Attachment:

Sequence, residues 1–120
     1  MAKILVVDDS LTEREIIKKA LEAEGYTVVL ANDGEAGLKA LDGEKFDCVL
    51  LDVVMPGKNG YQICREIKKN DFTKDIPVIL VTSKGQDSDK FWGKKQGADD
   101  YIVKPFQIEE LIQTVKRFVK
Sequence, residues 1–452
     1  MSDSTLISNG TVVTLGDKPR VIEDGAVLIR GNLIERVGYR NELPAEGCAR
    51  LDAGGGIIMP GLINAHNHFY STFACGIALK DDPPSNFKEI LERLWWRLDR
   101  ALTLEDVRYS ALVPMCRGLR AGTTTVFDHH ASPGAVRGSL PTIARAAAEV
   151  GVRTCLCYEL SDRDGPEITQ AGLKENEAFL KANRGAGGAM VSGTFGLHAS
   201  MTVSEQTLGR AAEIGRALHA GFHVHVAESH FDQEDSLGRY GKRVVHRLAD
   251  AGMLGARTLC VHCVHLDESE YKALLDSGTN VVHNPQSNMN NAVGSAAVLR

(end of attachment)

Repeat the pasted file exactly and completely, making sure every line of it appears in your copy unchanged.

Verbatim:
Sequence, residues 1–120
     1  MAKILVVDDS LTEREIIKKA LEAEGYTVVL ANDGEAGLKA LDGEKFDCVL
    51  LDVVMPGKNG YQICREIKKN DFTKDIPVIL VTSKGQDSDK FWGKKQGADD
   101  YIVKPFQIEE LIQTVKRFVK
Sequence, residues 1–452
     1  MSDSTLISNG TVVTLGDKPR VIEDGAVLIR GNLIERVGYR NELPAEGCAR
    51  LDAGGGIIMP GLINAHNHFY STFACGIALK DDPPSNFKEI LERLWWRLDR
   101  ALTLEDVRYS ALVPMCRGLR AGTTTVFDHH ASPGAVRGSL PTIARAAAEV
   151  GVRTCLCYEL SDRDGPEITQ AGLKENEAFL KANRGAGGAM VSGTFGLHAS
   201  MTVSEQTLGR AAEIGRALHA GFHVHVAESH FDQEDSLGRY GKRVVHRLAD
   251  AGMLGARTLC VHCVHLDESE YKALLDSGTN VVHNPQSNMN NAVGSAAVLR